GenDu: A Gentleman’s Duel

3.6 Overall Score
Rules Clarity: 4/10
Fun Level: 4/10
Production: 3/10

It doesn't take too long.

Unengaging, frustrating, with badly written rules.

GenDu: A Gentleman’s Duel

*NOTE – GenDu is now a defunct game, but since we came across a set we thought we’d give it a try.

On Friday, August 12th, I playtested Gendu: The Gentleman’s Duel with Gaming Manager Jack Jaycocks at Gods & Monsters on International Drive in Orlando, Florida. I wish I hadn’t, and not because of Jack.

This correspondent, left. Jack Jaycocks, right. Thanks, Jack!

This correspondent, left. Jack Jaycocks, right. Thanks, Jack!

Gendu: The Gentleman’s Duel, is a collectible card game wherein each player, or “Gentleman”, lays down room cards to build their dungeon. Each Gentleman also plays Nouns, also called minions, and sends them into their opponent’s dungeon in an attempt to penetrate into the garrison and win the game. Nouns can be equipped with Verbs to add to their power. The more powerful Nouns require you to remove rooms from your dungeon, in order to put the Nouns into play.

The minimalist black and white card art does not ignite the imagination. GenDu uses no licensed property or familiar genre, instead relying on an unthemed, unrelated mishmash of Nouns like Smithy Smith, the Meat Drapes, and Wanda the Insecure. It is not steampunk, sword-and-sorcery, space opera, or anything else, except for boring. What exactly do any Gentlemen have to do with it?

Sending Nouns into your opponent’s dungeon means intermixing your cards directly with theirs. Some method of differentiating cards will be necessary. Also, nouns have three stats – Attack, Health, and Speed. Any of these stats can, and probably will, be reduced in the course of play. I found that a D6 could be used to mark these changes, but with three stats per noun, and potentially many Nouns in play,Gendu players will need at least fifteen D6. Gendu does not mention this anywhere in its instructions or packaging.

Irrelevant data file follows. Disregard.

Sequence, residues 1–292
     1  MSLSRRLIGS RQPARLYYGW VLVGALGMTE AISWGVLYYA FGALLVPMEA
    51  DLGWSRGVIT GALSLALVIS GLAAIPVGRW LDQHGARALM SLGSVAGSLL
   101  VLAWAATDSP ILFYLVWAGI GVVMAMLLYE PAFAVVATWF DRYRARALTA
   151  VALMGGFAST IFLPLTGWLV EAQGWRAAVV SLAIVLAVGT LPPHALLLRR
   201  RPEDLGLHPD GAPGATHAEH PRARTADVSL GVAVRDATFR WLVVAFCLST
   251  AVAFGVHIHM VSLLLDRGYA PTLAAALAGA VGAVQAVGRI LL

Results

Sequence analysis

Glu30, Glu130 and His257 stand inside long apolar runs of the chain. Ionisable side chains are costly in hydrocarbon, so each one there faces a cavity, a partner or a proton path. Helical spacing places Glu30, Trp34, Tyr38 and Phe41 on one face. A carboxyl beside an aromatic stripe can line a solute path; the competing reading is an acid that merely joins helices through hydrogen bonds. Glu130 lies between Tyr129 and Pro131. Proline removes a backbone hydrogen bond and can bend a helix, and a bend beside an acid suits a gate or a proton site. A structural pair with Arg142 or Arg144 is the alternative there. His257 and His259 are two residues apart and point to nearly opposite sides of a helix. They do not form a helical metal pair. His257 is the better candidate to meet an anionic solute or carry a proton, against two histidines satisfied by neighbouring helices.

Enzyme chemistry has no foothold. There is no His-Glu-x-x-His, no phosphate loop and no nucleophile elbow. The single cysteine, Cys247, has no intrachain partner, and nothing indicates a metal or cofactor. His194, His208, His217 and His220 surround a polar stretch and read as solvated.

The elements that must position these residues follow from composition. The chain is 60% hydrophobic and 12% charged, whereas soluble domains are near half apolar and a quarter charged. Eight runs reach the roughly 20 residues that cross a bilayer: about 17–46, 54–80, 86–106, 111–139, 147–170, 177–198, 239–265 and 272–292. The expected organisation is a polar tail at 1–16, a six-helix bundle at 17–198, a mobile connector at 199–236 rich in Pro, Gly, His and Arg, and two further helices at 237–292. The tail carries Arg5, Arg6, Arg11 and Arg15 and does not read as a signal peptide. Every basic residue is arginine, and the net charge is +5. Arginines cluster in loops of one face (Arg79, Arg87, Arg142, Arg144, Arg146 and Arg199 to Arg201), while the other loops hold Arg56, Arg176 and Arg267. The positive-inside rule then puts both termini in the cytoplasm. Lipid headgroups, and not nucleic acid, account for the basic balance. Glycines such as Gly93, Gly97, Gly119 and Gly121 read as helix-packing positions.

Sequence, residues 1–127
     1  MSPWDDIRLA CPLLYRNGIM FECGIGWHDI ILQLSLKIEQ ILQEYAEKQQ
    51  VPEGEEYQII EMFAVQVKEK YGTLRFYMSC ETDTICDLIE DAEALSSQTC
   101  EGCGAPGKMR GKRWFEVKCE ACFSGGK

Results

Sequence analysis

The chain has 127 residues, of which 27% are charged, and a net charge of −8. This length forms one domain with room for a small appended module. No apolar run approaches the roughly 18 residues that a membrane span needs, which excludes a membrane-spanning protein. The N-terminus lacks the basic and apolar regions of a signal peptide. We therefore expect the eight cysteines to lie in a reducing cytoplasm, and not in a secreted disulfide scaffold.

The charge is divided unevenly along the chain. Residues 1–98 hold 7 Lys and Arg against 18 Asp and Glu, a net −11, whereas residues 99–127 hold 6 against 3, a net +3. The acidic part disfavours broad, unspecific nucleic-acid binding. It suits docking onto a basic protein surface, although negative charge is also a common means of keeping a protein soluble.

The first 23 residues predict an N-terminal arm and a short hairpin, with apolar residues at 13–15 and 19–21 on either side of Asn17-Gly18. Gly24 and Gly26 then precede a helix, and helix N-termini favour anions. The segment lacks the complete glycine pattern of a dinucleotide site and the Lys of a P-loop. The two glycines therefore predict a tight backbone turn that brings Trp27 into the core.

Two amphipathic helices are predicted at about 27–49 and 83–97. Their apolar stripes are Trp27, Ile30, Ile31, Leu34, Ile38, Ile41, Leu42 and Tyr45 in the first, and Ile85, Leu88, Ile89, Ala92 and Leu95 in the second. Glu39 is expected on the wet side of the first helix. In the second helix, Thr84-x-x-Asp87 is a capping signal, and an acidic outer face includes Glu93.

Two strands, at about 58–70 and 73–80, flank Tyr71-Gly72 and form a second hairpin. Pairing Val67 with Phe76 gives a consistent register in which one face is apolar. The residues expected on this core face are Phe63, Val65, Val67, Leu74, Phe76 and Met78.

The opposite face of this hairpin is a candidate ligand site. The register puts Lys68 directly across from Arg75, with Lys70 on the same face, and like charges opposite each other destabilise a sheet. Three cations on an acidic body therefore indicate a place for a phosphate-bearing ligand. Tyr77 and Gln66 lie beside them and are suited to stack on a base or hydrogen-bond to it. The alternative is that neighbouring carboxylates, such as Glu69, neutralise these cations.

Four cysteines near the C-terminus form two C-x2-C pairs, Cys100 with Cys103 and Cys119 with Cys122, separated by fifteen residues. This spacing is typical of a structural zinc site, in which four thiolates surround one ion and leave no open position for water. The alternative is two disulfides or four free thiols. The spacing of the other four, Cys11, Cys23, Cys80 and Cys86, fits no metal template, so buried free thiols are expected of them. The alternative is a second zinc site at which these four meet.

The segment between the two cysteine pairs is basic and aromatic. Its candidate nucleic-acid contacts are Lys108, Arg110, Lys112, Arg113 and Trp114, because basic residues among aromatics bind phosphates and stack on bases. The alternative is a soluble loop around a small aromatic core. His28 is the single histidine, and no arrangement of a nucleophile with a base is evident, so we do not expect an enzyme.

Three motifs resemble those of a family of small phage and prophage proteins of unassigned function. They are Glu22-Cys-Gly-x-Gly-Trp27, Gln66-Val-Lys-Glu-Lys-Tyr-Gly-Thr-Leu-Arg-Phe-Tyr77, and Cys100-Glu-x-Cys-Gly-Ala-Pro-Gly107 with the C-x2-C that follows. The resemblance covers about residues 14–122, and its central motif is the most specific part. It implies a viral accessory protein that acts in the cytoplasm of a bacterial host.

The included rules sheet is often hard to understand. Under Movement it says that, “If two nouns come in contact, they attack each other and battle”. Under Attacking and Battling, it says that only opposing nouns battle one another. Is damage persistent? What happens to Nouns in a room that is removed to pay the cost to bring another Noun into play? It says moving through a room costs a point of movement. What about moving into a room, and stopping? When facing multiple defenders, does an attacking Noun fight them all one after another on the same turn, or on multiple turns?

So in addition to boring, GenDu is frustrating. It is not recommended.




Brian Downes
Author: Brian Downes View all posts by
Brian Downes is a writer who lives in Orlando, Florida. His novel, The Berlin Fraternity, about a man who hunts vampires for the Third Reich, is available on the Kindle and through He enjoys pen and paper roleplaying games and geek culture. He clearly remembers waiting for The Empire Strikes Back to hit theaters, and vindicate his opinion that of course Vader was not Luke's father. You can't trust Vader's word!

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